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Purity and Practicality: True Open Source Has Earned Its Trusted Place in Today’s Enterprise

Enterprises are now overloaded with choice when it comes to the breadth of their technology stack possibilities. One of the most important is deciding whether to move forward with open source or proprietary solutions (whether deployed in the cloud or or-prem). It’s a critical decision shaping the immediate and long-term future of any business’ technology strategy.

There’s been a particularly interesting shift over the past decade when it comes to technology selection. A decade ago it was common for businesses to describe themselves as “an Oracle shop” or “a Microsoft shop,” with every technology component within those organizations belonging to a single vendor’s solution suite. In contrast, today’s organizations increasingly adopt blended mixes of solutions that can better meet their flexibility, scalability, and budget requirements. According to a 451 Research survey from 2019, 65% of enterprises now have blended database environments that include both proprietary and open source software. When organizations now consider open source solutions versus their proprietary alternatives, more often than not they simply pursue the right tool for the job. As a result, you’ll now see a multitude of open source projects, proprietary technologies, and various frameworks deployed within most enterprises. 

While it was perhaps less true a decade ago, enterprises now have an overflow of reasons to be drawn to pure open source technologies – though cost efficiency tends to be among the most inviting initial factors. Open source also allows enterprises to fully test out solutions before investing major resources in them, while offering flexible customizations. Open source in the enterprise (long an open source laggard) has also earned increasingly favorable perceptions – to the degree that it’s now viewed as a boon that draws in both customers and the talent an enterprise needs to properly wield these solutions. At the same time, widespread cloud transformations are paving a glide path for easier open source adoption (especially with integrated open source solutions like our Instaclustr Managed Platform making it that much simpler to get started).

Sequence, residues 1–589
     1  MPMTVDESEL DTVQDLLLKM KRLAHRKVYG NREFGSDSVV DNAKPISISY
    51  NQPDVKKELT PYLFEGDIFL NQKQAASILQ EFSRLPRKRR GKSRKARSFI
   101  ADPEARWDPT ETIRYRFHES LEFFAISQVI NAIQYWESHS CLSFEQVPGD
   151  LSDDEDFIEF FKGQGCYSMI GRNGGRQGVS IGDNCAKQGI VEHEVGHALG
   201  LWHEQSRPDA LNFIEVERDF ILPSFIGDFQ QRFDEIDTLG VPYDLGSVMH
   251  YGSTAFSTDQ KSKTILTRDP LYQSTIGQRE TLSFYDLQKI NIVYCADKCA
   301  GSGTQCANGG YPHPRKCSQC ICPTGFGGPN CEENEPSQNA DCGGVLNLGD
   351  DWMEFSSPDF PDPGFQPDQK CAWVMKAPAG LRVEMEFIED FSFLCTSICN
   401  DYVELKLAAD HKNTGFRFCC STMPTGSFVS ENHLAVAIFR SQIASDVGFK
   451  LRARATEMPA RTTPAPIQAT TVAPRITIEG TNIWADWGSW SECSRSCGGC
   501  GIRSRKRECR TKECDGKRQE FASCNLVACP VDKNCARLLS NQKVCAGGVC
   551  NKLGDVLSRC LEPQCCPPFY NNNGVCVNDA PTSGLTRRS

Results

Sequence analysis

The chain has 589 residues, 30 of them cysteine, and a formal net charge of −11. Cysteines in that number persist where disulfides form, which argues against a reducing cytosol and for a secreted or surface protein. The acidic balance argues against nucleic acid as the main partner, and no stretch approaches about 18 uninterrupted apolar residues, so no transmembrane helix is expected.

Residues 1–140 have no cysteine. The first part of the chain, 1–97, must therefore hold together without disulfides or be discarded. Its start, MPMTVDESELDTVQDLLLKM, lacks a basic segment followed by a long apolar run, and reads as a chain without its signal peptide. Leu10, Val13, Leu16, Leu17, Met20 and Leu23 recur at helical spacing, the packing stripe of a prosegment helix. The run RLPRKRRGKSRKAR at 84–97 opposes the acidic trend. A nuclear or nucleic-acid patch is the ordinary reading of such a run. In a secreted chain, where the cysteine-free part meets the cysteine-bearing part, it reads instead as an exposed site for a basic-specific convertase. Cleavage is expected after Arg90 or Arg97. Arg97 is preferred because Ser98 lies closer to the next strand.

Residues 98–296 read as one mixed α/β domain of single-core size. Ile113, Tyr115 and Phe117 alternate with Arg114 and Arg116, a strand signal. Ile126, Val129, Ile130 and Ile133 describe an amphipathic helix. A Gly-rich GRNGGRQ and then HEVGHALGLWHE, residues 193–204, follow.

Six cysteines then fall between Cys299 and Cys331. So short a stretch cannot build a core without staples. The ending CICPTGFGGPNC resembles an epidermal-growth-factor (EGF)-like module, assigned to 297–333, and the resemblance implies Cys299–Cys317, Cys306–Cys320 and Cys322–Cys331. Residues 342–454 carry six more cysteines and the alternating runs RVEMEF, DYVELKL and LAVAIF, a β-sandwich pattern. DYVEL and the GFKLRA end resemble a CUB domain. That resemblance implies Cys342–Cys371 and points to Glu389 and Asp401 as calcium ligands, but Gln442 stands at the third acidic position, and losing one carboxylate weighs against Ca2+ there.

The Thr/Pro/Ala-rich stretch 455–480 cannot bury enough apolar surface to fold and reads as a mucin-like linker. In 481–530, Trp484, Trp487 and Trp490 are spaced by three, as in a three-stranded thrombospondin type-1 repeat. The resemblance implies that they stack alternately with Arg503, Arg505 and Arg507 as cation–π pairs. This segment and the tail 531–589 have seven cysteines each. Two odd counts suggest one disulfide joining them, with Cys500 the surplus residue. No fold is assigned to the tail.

However, many enterprises still subscribe to a set of cautions that leave them wary of open source solutions – and more likely to opt for proprietary alternatives. Caution and vetting is good, but hanging onto outdated misconceptions will unnecessarily hold businesses back (and/or cause unnecessary spend). Enterprises should be investigating the stability of any open source project they consider, checking whether it has the large and healthy community required to ensure long-term support. Enterprises also worry about confusing or changing open source licensing (currently a much-discussed topic), and need assurance that particular licenses fully allow them to build the services they have in mind. Enterprises must also make sure they’re getting the performance, security, and other enterprise-grade features on par with what they could expect from a competing (but far more expensive) commercially-driven proprietary vendor. If those necessities can’t be assured, it should be no surprise that proprietary providers, or even “open core” providers offering proprietary software built on open source projects, seem to be the more reliable options.